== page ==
Contracting Out the Space Race

Photo credit: NASA

by Dick Hall-Sizemore

Because the focus of this blog is on Virginia politics and public policy, I am loath to venture beyond those boundaries. However, I have recently become concerned about an issue (nonpartisan, I hope) that has ramifications beyond the Commonwealth. I am interested in the opinions of those on this blog who may have much more expertise in the issue than I have.

An American private company recently succeeded in landing a payload on the moon. This was the first American moon landing in 51 years. This feat highlights a change in space policy by the United States: the government has turned much of space activity over to the private sector.

The director of NASA’s planetary science division summarized this change in space policy this way:

This is a really a significant shift in how we do business. “The fact that NASA is not actually building or responsible directly for these missions or their launches is an opportunity to invest in the commercial industry to build a new capability. NASA can then purchase the delivery service, and the intent hopefully being that we can increase the frequency of deliveries and reduce the cost to NASA of doing science.

Do we really want to do this? In order to do things on the cheap, do we really want to put the government in the position of having to go to the private sector to obtain services vital to our security and scientific advancement?

It is not as if NASA did not rely on the private sector for the Mercury, Apollo, and space shuttle programs. It contracted with private companies to build those rockets, capsules, moon landers, and shuttles. But the government was intimately involved in the design of those space vehicles and oversaw their manufacture. It was in control of the ultimate project.

That is significantly different from providing seed money for a group of private companies to go do their thing and then contracting with one or more of them to carry out NASA missions. The control over the process has shifted.

As a case in point, consider Starlink. This is a system of satellites launched by Elon Musk’s Space X corporation that has established an international internet system. One of its primary benefits is provision of high speed internet services to areas that do not have access otherwise. But the power to provide access includes the ability to deny access.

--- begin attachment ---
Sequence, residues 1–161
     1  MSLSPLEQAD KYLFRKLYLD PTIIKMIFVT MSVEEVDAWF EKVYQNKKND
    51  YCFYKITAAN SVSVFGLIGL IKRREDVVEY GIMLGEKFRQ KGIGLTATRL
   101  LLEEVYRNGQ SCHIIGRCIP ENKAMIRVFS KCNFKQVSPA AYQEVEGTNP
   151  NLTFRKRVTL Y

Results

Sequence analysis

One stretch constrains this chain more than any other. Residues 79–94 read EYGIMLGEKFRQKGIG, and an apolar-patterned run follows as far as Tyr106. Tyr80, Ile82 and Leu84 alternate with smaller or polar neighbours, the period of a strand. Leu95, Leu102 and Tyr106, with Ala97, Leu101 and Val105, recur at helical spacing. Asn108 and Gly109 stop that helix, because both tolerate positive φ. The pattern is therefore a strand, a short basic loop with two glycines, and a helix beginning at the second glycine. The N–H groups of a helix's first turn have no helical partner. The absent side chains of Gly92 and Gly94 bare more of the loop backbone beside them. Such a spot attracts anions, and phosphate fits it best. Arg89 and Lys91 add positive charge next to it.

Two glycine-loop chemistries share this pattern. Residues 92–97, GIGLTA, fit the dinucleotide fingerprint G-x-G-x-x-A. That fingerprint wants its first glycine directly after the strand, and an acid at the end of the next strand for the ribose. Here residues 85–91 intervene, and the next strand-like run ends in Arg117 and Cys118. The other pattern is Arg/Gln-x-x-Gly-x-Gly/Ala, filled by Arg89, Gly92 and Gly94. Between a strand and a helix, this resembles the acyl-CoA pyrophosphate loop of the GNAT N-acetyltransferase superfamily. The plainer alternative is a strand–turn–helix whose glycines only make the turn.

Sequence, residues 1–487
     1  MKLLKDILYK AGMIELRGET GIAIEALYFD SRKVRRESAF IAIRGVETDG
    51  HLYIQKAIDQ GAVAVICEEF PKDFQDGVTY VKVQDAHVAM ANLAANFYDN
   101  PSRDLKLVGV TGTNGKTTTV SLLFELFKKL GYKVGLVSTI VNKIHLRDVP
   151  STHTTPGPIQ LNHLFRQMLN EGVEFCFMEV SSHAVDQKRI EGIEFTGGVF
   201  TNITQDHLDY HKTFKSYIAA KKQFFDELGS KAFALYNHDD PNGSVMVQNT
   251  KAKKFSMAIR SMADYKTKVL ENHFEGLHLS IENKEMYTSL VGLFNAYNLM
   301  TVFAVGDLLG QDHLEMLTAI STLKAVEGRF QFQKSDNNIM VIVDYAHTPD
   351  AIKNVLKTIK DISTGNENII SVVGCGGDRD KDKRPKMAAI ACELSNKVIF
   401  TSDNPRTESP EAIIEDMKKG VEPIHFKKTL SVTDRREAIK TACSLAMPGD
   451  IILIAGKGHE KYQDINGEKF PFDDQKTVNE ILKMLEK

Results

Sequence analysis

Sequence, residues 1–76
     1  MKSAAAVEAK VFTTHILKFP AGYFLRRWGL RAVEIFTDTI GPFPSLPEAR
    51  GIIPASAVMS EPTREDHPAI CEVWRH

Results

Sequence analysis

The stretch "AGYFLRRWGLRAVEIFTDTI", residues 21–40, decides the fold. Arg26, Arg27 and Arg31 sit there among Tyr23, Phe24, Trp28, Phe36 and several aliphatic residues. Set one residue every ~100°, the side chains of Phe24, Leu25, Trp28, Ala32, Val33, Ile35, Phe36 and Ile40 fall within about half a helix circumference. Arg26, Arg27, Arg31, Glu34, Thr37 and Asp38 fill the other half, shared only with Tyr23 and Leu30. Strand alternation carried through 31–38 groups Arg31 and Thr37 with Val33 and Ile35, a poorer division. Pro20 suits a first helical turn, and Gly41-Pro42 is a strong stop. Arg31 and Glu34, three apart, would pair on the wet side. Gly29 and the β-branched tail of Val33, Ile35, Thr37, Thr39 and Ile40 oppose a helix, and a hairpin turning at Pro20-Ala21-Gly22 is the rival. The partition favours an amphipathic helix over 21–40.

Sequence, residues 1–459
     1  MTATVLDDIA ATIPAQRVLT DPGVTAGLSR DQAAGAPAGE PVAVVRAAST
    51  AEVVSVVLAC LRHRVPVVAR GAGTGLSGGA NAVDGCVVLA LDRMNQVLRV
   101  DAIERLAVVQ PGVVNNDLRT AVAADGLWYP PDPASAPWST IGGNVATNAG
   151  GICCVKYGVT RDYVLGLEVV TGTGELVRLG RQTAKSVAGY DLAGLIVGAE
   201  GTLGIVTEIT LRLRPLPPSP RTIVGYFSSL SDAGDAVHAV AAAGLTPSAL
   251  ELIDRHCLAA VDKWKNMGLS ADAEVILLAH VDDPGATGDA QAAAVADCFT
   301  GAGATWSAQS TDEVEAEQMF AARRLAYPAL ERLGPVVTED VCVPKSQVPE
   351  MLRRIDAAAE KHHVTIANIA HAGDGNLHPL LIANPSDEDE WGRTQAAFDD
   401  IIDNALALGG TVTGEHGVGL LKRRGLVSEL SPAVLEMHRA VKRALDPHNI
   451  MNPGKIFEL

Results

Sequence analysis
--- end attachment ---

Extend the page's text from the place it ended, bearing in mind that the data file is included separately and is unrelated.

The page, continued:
Last year, Elon Musk threatened to cut off Starlink access to Ukraine, but relented when the Pentagon committed funding for the service. As reported in The Wall Street Journal, early in the Ukranian war, Musk refused to activate Starlink access in Crimea on the grounds that doing so would have his company complicit with a plan to attack the Russian fleet. He did not explain how that would be different from allowing Ukraine access to Starlink in other military operations.

Recently there have been reports that Russia has “thousands” of Starlink terminals in occupied parts of Ukraine. Musk has declared, “To the best of our knowledge, no Starlinks have been sold directly or indirectly to Russia.” However, the terminals are readily available on the open market and could easily have been bought and passed on to the Russian military. Furthermore, regardless of whether Space X sold the terminals to Russia, the company has the power to deactivate any unsanctioned terminals. As pointed out by The Wall Street Journal, “Reports on Russian use of Starlink come as Musk has spoken out against further aid to Ukraine, saying on Monday that it would prolong the war and cause more deaths as ‘there is no way in hell’ that Russian President Vladimir Putin could lose the war.”

Perhaps Musk did not sell Starlink access to Russia. But what would prevent him from doing so? And what would prevent him from deactivating access in countries whose policies he did not agree with, regardless of whether such actions would be in accordance with Unites States foreign policy?

Whatever one thinks of Elon Musk or the United States’ policy towards Ukraine, the potential for one private person or company to thwart this county’s foreign policy should be a major concern.

When I started writing this article, I was concerned about one or two companies in the U.S. space industry gaining the ability to act counter to American policy. However, some research conducted along the way has allayed most of those fears. No company can launch rockets in the United States without a license from the Federal Aviation Authority (FAA). Government policy restricts the export of rocketry technology to foreign governments. The United States provides subsidies to many space-related companies to encourage competition. After all, it was not one of the “big boys” such as Space X (Musk), Blue Origin (Bezos), or Virgin Galactica, but Intuitive Machines, hardly a household name, that achieved the recent moon landing. With this approach, innovation is encouraged and financial risk is borne by the private sector. Maybe we are safe from any future Elon Musks being able to dictate U.S. space policy and defense policy, although the FAA still allows Space X to launch Starlink satellites into space and there is apparently no U.S. control over who can get Starlink terminals and use that system.